RELATED: Where to go online for free home workouts, from cardio to yoga

If I live in Denver, may I go to the mountains to recreate?

“If you live in a city, you certainly shouldn’t be leaving your city to recreate,” Polis said. “You should use your municipal parks at off-hours. I’ve encouraged municipalities to expand the hours of operation of those parks to further spread it out. It also generally will mean recreating less during this crisis.”

If I live outside of Denver, may I leave my town or county to recreate?

People should recreate near where they live, Polis insisted. While acknowledging that means different things to different people depending on where they live, he strongly discouraged people living in the Front Range from visiting the mountains. “Just because you’re not working, this doesn’t mean it’s vacation,” Polis said. “It’s not the time to drive two or three hours from Denver to mountain communities, many of which are reeling from the crisis. Let me add, that is really dumb, because those communities have a higher rate of infection than where you live. So the last thing you should want to do is drive to your second residence, or a hotel, or a cabin in the mountains.”

Which types of outdoor recreation are allowed?

Individual exercise is OK but participating in group activities is not. Denver Parks have closed basketball and tennis courts. Playgrounds are closed.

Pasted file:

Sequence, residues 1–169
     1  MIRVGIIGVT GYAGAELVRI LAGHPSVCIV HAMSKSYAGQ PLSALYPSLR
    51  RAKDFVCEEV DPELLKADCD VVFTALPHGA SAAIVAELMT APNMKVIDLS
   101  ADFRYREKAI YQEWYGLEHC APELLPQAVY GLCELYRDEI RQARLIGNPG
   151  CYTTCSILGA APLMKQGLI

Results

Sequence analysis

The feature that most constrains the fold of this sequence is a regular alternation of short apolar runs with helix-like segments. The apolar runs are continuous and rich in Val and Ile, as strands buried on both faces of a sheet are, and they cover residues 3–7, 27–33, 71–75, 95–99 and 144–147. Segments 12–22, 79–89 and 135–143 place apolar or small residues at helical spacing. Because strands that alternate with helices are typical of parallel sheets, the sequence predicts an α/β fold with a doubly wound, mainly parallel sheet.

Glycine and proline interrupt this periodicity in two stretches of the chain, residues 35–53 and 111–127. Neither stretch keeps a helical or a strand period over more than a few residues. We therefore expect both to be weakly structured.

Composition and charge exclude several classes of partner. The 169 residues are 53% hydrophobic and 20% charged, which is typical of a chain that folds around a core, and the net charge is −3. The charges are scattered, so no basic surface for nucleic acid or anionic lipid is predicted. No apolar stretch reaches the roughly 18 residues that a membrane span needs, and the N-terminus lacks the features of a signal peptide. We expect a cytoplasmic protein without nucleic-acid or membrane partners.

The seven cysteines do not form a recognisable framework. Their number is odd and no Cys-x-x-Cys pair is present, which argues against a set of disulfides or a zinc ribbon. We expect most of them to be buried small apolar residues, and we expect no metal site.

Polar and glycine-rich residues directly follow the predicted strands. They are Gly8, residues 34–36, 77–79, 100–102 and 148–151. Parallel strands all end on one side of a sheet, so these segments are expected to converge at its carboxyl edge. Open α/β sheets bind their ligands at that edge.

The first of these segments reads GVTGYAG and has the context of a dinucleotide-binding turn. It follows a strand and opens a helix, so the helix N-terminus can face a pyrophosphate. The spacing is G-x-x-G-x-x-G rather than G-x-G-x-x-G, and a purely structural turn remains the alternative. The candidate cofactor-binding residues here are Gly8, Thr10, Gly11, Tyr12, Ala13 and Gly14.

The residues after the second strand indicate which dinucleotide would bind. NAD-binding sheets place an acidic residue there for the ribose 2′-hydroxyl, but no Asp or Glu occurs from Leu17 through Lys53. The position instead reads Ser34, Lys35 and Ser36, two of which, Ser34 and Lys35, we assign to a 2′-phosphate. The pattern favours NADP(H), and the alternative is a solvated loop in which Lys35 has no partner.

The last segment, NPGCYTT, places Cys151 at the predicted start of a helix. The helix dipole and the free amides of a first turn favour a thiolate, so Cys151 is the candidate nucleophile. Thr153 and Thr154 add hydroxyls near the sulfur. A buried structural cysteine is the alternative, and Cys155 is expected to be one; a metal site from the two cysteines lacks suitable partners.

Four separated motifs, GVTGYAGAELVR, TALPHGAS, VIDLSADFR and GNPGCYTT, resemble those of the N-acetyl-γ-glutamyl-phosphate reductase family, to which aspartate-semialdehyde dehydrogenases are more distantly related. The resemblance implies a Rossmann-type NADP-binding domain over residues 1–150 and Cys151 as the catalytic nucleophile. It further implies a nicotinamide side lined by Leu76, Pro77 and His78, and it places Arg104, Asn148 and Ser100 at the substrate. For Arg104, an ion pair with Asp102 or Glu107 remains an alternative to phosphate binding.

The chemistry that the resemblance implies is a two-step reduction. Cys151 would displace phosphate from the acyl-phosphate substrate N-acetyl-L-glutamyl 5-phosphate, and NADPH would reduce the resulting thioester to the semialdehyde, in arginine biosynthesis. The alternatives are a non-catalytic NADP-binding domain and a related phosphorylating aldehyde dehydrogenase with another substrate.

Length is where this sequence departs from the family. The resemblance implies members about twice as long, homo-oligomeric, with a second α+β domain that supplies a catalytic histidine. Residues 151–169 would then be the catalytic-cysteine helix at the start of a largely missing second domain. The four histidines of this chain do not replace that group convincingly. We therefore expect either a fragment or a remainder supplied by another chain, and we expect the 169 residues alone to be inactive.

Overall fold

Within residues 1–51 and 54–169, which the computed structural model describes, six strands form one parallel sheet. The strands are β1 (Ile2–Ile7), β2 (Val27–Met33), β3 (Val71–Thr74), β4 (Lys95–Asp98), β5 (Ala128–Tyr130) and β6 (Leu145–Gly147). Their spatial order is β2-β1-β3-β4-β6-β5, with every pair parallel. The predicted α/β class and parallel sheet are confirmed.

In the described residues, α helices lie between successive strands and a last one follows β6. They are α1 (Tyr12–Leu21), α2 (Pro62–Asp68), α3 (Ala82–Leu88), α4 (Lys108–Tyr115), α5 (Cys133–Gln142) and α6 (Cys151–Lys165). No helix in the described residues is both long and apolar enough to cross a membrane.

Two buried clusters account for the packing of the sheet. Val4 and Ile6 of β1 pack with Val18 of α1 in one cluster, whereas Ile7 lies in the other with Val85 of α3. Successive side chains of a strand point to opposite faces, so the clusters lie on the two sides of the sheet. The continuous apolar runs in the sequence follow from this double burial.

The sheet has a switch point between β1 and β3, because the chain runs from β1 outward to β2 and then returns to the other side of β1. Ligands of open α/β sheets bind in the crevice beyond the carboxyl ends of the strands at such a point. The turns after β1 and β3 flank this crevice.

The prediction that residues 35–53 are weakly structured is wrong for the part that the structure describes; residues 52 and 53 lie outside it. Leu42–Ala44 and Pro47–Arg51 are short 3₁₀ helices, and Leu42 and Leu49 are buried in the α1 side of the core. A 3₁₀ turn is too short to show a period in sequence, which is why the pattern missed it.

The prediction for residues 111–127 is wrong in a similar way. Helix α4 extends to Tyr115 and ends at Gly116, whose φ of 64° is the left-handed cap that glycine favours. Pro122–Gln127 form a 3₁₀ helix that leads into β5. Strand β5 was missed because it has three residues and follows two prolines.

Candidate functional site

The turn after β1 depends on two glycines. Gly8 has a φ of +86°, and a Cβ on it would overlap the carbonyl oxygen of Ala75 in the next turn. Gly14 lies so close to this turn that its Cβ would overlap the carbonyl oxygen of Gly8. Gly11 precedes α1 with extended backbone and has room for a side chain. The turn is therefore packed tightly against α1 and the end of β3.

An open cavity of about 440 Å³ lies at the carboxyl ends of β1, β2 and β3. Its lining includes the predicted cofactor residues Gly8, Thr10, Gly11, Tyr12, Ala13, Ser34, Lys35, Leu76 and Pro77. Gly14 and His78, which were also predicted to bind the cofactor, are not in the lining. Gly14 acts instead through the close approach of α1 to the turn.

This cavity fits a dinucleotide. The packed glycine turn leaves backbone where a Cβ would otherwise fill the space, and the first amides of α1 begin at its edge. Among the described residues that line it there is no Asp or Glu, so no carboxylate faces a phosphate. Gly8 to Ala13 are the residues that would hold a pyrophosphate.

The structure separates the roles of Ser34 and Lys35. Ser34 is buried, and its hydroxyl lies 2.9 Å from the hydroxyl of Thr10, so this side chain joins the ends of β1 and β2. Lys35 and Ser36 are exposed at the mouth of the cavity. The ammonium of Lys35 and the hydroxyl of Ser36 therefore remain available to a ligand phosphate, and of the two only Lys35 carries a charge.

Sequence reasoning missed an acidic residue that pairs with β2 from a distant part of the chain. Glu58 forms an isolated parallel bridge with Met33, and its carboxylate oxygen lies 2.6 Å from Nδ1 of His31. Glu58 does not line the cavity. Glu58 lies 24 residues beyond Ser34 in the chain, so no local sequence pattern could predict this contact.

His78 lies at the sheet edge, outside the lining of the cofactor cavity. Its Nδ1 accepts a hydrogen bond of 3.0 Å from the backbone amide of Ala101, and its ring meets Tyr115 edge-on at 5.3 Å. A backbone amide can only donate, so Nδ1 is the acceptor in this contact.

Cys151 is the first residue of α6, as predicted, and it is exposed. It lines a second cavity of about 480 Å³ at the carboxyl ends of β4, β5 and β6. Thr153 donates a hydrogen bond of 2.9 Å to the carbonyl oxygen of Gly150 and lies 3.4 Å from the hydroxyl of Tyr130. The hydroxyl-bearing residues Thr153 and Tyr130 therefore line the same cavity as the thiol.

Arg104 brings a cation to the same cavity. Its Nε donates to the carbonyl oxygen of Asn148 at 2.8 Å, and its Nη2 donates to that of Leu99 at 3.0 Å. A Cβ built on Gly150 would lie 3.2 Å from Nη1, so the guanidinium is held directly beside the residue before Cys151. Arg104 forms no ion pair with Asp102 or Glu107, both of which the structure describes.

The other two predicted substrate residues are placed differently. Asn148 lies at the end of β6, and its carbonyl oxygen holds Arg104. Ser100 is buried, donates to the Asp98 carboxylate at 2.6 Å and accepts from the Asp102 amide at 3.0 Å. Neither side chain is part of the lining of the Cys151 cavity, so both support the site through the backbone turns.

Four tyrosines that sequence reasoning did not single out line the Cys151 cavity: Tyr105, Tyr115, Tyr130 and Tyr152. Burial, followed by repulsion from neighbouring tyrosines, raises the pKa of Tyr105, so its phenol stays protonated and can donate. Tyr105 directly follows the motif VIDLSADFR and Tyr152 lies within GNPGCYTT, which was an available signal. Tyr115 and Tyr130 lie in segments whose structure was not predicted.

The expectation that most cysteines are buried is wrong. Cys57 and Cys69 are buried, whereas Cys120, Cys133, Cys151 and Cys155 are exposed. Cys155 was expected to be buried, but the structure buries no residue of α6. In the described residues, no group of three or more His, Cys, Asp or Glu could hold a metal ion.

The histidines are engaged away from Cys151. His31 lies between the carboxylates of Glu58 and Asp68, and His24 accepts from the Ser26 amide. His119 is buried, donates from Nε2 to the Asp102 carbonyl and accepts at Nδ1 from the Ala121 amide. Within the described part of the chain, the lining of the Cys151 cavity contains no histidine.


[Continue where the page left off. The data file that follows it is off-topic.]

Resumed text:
Maintaining social distancing and avoiding groups is mandatory. “People shouldn’t be playing in groups,” Polis said. “Basketball, as an example. You can play one on one with a housemate, but not full-team basketball. Frisbee, again, with a housemate, but not Frisbee tag or ultimate (Frisbee). It’s about using common sense to try to engage in the necessary recreation you need, as close to home as possible.”

Adventure Recreation Center (ARC) : Recreational Sports



  • Adventure Recreation Center
    Adventure Recreation Center

Documents

Adventure Recreation Center (ARC)

855 Woody Hayes Drive, Columbus, OH 43210 • Phone: 614-247-8686 • 
Driving Directions

Guest Passes are available for these and all Rec Sports facilities. The ARC only accepts credit card for payment.    

 

In compliance with the recent order from Governor DeWine and Public Health Director Dr. Amy Acton, Student Life’s Recreational Sports facilities are closed until further notice. 

Spring Semester 2020

Sunday, January 5, 2020 — Monday, April 20, 2020

Monday – Thursday: 6 a.m. – 1 a.m.
Friday: 6 a.m. – 10 p.m.
Saturday: 8 a.m.  – 10 p.m.
Sunday: 8 a.m. – 1 a.m.

Family Hours

Saturday: 8 a.m. – Noon